Chemistry breakthrough extracts oxygen from water using magnets

Chemistry breakthrough extracts oxygen from water using magnets
Beautiful turquoise water structure. Air bubbles under water macro
Beautiful turquoise water structure. Air bubbles under water macro
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Beautiful turquoise water structure. Air bubbles under water macro
Beautiful turquoise water structure. Air bubbles under water macro

In what's described as a key advancement for the development of systems to help propel humans into deep space, scientists have demonstrated a method of extracting oxygen from water in microgravity using magnets. The technology shapes as a cost-effective and viable way to keep astronauts breathing during their journeys, and marks an important breakthrough for the production of oxygen from water in the absence of buoyant forces.

“On the International Space Station, oxygen is generated using an electrolytic cell that splits water into hydrogen and oxygen, but then you have to get those gasses out of the system," explained lead author Álvaro Romero-Calvo. "A relatively recent analysis from a researcher at NASA Ames concluded that adapting the same architecture on a trip to Mars would have such significant mass and reliability penalties that it wouldn’t make any sense to use.”

The difficulty in extracting oxygen in space is tied to the lack of gravity. On Earth, gravity plays a role in helping bubbles of CO2 float to the surface in a glass of soda, for example. But in space, these bubbles remain suspended in the fluid. These gases can be extracted with the help of cumbersome and expensive centrifuge machinery, but scientists have spent years exploring how magnets can be used to the same effect.

To study this possibility in a space-like environment, the study authors turned to the Bremen Drop Tower in Germany, a 146-meter-tall (480-ft) scientific facility that sends a shockproof capsule plummeting to the floor to create a brief window of microgravity experiment time, in this case lasting 9.2 seconds.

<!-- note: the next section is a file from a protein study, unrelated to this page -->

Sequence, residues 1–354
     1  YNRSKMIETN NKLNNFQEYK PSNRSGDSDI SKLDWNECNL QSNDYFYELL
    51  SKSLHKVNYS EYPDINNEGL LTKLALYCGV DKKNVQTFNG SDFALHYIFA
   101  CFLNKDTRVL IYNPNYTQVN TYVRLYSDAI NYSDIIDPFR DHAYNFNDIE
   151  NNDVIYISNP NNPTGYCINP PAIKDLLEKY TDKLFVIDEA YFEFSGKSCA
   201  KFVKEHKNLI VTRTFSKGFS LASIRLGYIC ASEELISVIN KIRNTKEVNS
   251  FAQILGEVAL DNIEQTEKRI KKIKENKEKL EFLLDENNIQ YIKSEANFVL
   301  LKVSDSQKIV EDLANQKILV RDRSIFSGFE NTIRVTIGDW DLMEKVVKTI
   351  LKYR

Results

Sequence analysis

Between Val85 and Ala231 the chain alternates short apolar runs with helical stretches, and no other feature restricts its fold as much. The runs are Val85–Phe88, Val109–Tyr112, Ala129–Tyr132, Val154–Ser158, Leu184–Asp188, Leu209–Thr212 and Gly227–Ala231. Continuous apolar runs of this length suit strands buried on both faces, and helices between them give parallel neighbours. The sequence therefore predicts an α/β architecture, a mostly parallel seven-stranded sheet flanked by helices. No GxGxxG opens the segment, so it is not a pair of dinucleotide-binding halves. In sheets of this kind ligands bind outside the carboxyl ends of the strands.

The scientists developed a new technique to detach gas bubbles from an electrode surface in various liquids using neodymium magnets. In their successful experiments, the researchers were able to use this approach to attract and repel gas bubbles in microgravity using magnetism for the first time.

“After years of analytical and computational research, being able to use this amazing drop tower in Germany provided concrete proof that this concept will function in the zero-g space environment," said Professor Hanspeter Schaub of University of Colorado Boulder.

According to the team, the advance could lead to a new generation of life support systems for next-generation spacecraft, and is the kind of technology that could greatly aid efforts to send humans to the Moon and Mars.

“These effects have tremendous consequences for the further development of phase separation systems, such as for long-term space missions, suggesting that efficient oxygen and, for example, hydrogen production in water (photo-)electrolyzer systems can be achieved even in the near-absence of the buoyant-force," said study author Dr Katharina Brinkert of the University of Warwick.

The research was published in the journal npj Microgravity.

Source: University of Warwick

Ralf Biernacki
If a 150m drop tower is such a big deal, why not build a similar facility in a drilled borehole, or an unused mineshaft? One could get a 1km drop facility for a fraction of the price of building a tower.
Keep carrying tons of water to space/Moon/Mars stations (to make O2) is extremely bad/impractical idea!
NASA had tested a device (called MOXIE) on Mars which converts CO2 back to O2!
The right solution is developing such tech into an air recycling device (that filters CO2 from air & converts it back to O2)!
(Plus, NASA already has tech to recycle water in space!)
@ralf, I was thinking about the same aspect, although one could also consider that there are many buildings of much greater height. Perhaps a retrofit for the research drop. If that's too expensive, there's the parabolic flight of the zero-g aircraft with longer duration.
Neodymium magnets have unique problems, including but not limited to brittleness, corrosion susceptibility, danger to human biosystems and to electronics due to their magnetic strength. Search on: Neodymium problems.
Rob K S
Magnets? Sure.
Or just SPIN the bottle.
Move the fluid. Liquid and gas will separate.
A little ultrasonic agitation to separate bubbles from solid surfaces may help.